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Ennen, Avalyn
Discipline: Folk/Traditional

Photo of AvalynAvalyn Ennen is a descendant of Ukrainian immigrants who came to the United States in the late 19th century. They, like many Ukrainians, eventually settled in North Dakota and introduced many traditional arts to the region. One of these arts was pysanky, or Ukrainian Easter Eggs.

Designs on pysanky eggs are made using a kistka, a stylus that deposits thin lines of melted beeswax like a pen releases ink. (Kistkas in the past were often made from a sharp willow stick with a small funnel to hold the wax. Today, many are electric.) A design is drawn in wax on the surface of an uncooked, room-temperature egg. After the wax is dry, the entire egg is dipped into a color dye. The wax resists the dye and only the white surface of the egg is colored. Another design is drawn on the egg, which is dipped into a different color dye. Both surfaces of wax designs resist the new dye. This is repeated again and again until a complete design of many colors is visible. Once this is finished, the wax is removed by heating the egg in a low-temperature oven or placing it over a candle. (The designs on the finished egg are often Christian-themed and include crosses, doves, and fish among other symbols. The eggs are often used a religious décor or as part of a Christian ceremony or service.)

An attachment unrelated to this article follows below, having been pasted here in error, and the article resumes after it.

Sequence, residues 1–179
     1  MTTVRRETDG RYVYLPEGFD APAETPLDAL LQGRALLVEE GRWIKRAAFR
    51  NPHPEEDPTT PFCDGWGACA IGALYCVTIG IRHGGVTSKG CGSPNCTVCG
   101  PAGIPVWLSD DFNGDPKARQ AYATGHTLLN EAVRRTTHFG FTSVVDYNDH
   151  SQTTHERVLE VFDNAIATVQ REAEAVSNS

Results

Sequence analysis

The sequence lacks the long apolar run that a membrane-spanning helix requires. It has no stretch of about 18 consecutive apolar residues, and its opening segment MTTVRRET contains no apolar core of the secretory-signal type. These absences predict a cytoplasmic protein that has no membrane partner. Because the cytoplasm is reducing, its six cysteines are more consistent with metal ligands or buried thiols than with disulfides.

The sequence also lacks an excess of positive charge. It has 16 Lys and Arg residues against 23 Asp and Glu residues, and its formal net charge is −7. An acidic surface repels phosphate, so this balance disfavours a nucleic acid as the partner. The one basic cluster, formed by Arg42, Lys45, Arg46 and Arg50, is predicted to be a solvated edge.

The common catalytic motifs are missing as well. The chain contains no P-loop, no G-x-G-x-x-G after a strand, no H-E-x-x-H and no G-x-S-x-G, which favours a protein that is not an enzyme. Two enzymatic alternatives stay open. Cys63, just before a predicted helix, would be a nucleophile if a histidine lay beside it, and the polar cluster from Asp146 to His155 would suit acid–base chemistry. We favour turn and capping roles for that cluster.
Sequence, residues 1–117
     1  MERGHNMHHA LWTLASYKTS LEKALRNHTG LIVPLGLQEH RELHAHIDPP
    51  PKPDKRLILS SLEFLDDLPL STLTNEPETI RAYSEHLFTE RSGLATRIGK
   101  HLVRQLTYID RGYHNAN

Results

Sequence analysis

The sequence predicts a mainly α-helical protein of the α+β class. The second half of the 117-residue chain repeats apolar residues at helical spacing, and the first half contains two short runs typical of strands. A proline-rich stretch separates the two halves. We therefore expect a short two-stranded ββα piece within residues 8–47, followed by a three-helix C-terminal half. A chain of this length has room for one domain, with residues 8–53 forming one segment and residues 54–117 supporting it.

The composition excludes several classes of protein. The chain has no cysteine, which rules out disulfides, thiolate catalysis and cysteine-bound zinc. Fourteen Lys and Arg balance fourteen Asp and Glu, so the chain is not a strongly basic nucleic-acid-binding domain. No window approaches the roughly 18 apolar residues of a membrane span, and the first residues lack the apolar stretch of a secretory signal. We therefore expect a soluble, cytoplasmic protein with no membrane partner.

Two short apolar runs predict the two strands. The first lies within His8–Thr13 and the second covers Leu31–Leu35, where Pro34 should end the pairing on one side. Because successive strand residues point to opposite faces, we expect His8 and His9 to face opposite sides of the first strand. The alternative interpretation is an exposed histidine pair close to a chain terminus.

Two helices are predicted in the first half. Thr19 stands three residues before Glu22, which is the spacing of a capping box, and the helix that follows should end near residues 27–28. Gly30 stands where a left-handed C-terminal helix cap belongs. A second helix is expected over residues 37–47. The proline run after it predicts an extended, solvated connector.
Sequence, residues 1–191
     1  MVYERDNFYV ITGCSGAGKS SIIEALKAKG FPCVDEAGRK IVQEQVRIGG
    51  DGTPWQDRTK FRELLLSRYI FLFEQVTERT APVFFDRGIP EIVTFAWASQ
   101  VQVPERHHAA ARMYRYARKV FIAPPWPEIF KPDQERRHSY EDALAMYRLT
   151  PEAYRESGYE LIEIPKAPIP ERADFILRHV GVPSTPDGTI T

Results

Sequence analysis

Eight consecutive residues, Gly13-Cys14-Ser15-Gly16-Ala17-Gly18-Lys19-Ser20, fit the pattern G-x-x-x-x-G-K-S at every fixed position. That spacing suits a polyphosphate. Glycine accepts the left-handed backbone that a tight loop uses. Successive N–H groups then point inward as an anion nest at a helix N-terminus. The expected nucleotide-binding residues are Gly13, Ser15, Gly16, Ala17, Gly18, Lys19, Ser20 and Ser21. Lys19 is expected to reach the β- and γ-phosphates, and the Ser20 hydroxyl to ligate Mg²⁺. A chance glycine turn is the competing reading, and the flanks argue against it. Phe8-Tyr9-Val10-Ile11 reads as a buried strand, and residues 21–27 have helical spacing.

Ennen was introduced to the art of pysanky, in part, by her mother Anastasia. Her mother raised chickens for a living and on occasion sold some eggs to their neighbor Mrs. Hauluck, who used the eggs to make pysanky. Ennen became fascinated with the art while watching Hauluck and later, Ennen sought out a mentor to teach her. She found Betty Sprynczynatyk in Bismarck and after much study, Ennen was skilled in both the process and the history, designs, and color.

Nationally recognized, Ennen was chosen four times by the American Egg Board to represent North Dakota at the White House Easter Egg Exhibit. In 2000, she traveled to Washington, D.C. to personally present her “millennium egg” to the exhibit. It featured Lewis and Clark, Sakakawea, and stems from wheat.

Additionally, she has exhibited all over the state and is a member of the state’s Arts-in-Education Artists’ Roster, which makes her eligible to conduct in-school residencies funded, in part, by the North Dakota Council on the Arts.

- Ben Nemenoff

Contact Avalyn Ennen:
18050 22nd Avenue Southeast
Menoken, ND 58558

Other Sources:

Geist, Troyd A. From the Wellspring: Faith, Soil, Tradition. Bismarck: North Dakota Council on the Arts, 1997.

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